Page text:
Human trafficking is modern-day slavery and involves the use of force, fraud, or coercion to obtain some type of labor or commercial sex act. Millions of men, women, and children are trafficked into forced labor situations and into the sex trade worldwide. Many of these victims are lured from their homes with false promises of well-paying jobs; instead, they are forced or coerced into prostitution, domestic servitude, or other types of forced labor. Victims are found in legitimate and illegitimate labor industries, including sweatshops, massage parlors, agricultural fields, restaurants, hotels, and domestic service.
Who are the Victims? Who is at Risk?
Trafficking victims can be any age, race, gender, or nationality. Trafficking victims can be men or women, young or old, American or from abroad, with or without legal status. Traffickers prey on victims with little or no social safety net. They look for victims who are vulnerable because of their illegal immigration status, limited English proficiency, and those who may be in vulnerable situations due to economic hardship, political instability, natural disasters, or other causes.
Unfortunately human trafficking is at an all-time high and is the fastest growing crime committed globally. There are approximately 25 million slaves in the world today, and the number increases by the minute. Between 14,500 and 17,500 people are trafficked into the U.S. each year. That’s 45 men, women and children per day in the U.S. alone.
Sex trafficking is a type of human trafficking that uses force, fraud or coercion to obtain commercial sex from individuals. While many people believe sex trafficking only happens overseas or in low socioeconomic areas, it is happening throughout the nation – in urban, rural and suburban areas. According to the Federal Bureau of Investigation (FBI), sex trafficking is the most prevalent of the three forms of human trafficking (forced labor and domestic servitude are the others).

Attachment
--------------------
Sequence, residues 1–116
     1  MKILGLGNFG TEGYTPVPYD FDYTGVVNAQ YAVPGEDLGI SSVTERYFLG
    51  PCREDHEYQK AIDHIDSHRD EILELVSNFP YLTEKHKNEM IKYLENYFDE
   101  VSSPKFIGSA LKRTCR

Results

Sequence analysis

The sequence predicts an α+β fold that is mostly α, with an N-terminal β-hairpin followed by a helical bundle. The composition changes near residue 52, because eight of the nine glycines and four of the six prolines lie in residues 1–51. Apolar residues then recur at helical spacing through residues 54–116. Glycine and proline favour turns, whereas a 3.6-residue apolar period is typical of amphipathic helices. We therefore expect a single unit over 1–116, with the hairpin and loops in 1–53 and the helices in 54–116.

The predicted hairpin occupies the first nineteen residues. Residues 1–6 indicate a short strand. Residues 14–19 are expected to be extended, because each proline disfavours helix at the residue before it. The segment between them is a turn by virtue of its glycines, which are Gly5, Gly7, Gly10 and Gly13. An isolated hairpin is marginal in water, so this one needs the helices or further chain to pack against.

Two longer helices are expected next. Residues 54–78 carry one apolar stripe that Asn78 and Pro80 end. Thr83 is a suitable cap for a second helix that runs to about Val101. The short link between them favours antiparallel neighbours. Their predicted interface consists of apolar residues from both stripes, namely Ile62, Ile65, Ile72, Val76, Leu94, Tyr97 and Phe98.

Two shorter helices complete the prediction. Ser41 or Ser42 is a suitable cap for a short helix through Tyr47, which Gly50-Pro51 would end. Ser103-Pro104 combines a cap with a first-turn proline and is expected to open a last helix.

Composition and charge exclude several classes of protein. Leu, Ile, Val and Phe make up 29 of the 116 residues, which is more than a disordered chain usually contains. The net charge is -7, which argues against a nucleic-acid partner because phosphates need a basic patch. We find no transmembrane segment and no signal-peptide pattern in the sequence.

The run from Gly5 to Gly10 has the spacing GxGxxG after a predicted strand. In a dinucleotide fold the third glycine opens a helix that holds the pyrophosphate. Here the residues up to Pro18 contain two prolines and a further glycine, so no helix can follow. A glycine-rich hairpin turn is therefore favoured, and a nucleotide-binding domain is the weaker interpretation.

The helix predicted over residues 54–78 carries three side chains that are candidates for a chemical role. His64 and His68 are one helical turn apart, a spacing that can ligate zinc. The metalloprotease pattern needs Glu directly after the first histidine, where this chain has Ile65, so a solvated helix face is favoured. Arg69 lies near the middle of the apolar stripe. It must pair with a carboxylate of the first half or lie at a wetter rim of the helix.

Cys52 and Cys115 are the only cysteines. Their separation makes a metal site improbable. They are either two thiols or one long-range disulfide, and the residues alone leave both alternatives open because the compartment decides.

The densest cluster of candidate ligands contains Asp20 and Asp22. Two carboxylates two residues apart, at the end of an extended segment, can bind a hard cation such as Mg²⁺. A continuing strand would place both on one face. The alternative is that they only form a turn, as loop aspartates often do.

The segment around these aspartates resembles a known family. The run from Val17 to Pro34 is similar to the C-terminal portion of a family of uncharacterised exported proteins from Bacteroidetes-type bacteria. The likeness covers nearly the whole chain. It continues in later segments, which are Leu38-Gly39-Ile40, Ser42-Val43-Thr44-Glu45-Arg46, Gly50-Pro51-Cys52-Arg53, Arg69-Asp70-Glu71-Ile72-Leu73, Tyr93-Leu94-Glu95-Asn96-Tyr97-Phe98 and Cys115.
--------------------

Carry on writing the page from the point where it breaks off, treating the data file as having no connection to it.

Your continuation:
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Labor traffickers – including recruiters, contractors, employers, and others – use violence, threats, lies, debt bondage, or other forms of coercion to force people to work against their will in many different industries. Labor traffickers often make false promises of a high-paying job or exciting education or travel opportunities to lure people into horrendous working conditions. Victims employers exert such physical or psychological control – including physical abuse, debt bondage, confiscation of passports or money – they believe they have no other choice but to continue working for that employer.
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Domestic workers perform work within their employers’ households, and provide services such as cooking, cleaning, child-care, elder care, gardening and other household work. Domestic workers may or may not live in their employer’s homes. Victims of domestic servitude commonly work 10 to 16 hours a day for little to no pay. Domestic workers may be U.S. citizens, undocumented immigrants, or foreign nationals with specific visas types. Victims of domestic servitude in the U.S. are most often foreign national women with or without documentation living in the home of their employer.
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